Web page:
With Govt revenues overestimated the Treasury may cut expenditure in the months ahead
In reality, the second wave of the Covid-19 virus is now spreading faster than the previous wave and the economy is in free fall
- The second wave of the Covid-19 virus spreading faster sending the economy in a free fall
- The Govt does e little to boost the economy or direct relief
As 2021 awakens, we like to hope it is a new beginning and that the gruelling days of the Covid-19 pandemic that hit us ten months ago as well as the crippling economic crisis, would somehow fade away.
In reality, the second wave of the Covid-19 virus is now spreading faster than the previous wave and the economy is in free fall.
What would Sri Lanka’s economy look like this year? What challenges will progressive forces have to face? This is a historic moment, where developments this year are going to shape our future over the next decade if not longer. In this column, I look at the Sri Lankan state’s role in the economy for 2021. The Budget Estimates for 2021 recently published by the Finance Ministry provide the material necessary for such analysis.
Analysing the economy is always contentious.
People are discouraged to even discuss and debate economic policies, as they are told that it is an expert-domain. Who else will have access to the sophisticated mathematical models and accurate data for analysis we are told?
However, it is those very economic experts that have failed miserably, whether they cannot understand and analyse the global economic crisis of 2008 or for that matter the unfolding of the economic depression last year.
The reasons for such failure of analysis by Neoclassical Economists who occupy the mainstream have to do with their assumptions that underlie their models.
For example, Neoclassical economics assumes individual choices and preferences are rational and determine the workings of markets at the macro level, and that markets clear leading to optimal growth of economies.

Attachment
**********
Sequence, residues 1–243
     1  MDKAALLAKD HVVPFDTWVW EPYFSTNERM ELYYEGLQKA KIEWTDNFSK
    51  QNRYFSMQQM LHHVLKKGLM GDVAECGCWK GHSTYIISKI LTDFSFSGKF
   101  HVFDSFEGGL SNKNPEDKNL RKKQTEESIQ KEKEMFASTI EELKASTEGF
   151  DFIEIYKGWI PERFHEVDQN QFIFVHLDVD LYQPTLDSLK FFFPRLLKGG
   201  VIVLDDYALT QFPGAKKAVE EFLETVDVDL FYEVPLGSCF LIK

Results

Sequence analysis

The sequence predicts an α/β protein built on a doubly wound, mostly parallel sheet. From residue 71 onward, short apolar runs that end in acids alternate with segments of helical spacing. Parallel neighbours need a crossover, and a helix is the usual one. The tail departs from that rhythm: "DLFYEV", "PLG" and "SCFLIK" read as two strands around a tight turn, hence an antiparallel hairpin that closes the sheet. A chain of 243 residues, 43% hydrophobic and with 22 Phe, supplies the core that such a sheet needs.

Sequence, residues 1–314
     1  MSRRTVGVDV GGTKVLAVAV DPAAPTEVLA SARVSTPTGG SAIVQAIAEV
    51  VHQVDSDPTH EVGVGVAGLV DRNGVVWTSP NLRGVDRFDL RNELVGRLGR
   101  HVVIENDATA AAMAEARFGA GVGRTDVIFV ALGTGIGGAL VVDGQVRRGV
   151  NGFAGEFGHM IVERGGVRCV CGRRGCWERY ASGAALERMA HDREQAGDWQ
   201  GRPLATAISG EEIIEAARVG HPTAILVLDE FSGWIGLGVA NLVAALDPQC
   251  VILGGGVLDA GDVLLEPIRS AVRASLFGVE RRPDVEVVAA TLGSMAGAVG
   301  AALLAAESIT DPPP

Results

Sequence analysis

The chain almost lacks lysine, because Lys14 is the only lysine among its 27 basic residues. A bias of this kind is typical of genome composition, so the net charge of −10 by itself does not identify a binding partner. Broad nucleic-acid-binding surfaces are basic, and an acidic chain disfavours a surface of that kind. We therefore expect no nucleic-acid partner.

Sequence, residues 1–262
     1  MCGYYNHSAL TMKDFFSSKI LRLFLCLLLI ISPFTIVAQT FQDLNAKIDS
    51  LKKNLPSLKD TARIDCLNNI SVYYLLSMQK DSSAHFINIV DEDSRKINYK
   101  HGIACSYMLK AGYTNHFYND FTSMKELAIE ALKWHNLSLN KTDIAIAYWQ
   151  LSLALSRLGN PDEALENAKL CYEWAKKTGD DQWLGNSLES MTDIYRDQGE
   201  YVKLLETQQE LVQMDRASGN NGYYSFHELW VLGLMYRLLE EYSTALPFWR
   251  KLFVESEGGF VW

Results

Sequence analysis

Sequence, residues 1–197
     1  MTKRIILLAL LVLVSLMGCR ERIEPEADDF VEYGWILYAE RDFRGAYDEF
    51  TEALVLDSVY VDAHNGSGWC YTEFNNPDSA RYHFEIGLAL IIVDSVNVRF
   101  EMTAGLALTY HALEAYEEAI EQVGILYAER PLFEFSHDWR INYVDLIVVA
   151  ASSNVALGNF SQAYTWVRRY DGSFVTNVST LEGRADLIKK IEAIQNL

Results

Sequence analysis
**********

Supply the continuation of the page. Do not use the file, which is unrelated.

There is little room in their models to analyse market failures, Capitalist crisis and for that matter a significant and corrective role by the State.
In this context, alternative economic traditions begin with very different assumptions about the economy.
Marxist political economists to Keynesian economists have long fought for alternative economic analysis, even as they were intentionally excluded by the Western academy.
The poverty of economic analysis over the last four decades was not accidental, but rather the conscious project of Capitalist interests that sought tremendous profits at the cost of working peoples incomes and welfare.
I draw below from the heterodox tradition of economic analysis to look at stylised facts about the economy, particularly the role of the state and its continuing failures.
In other words, some key facts about the role of the state in the economy, as evident from the projected revenues and allocations of expenditure by the state, are sufficient to understand one dynamic trajectory of the economy.
The delayed public release Budget Estimates 2021, illustrate the priorities of the Government. In 2021, out of the projected tax revenue of Rs 1,724 billion, government salaries, including allowances are going to be Rs 635 billion and welfare plus retirement benefits are Rs 403 billion.
In other words, close to 60% of tax revenue is going to be used for government commitments such as salaries, pensions, Samurdhi transfers.